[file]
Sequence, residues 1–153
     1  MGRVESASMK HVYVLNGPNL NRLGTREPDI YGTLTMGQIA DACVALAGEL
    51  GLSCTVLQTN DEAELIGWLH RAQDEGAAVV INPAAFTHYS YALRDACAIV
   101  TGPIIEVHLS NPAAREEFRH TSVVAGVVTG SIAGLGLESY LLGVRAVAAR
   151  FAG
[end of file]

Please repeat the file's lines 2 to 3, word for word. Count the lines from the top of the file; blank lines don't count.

     1  MGRVESASMK HVYVLNGPNL NRLGTREPDI YGTLTMGQIA DACVALAGEL
    51  GLSCTVLQTN DEAELIGWLH RAQDEGAAVV INPAAFTHYS YALRDACAIV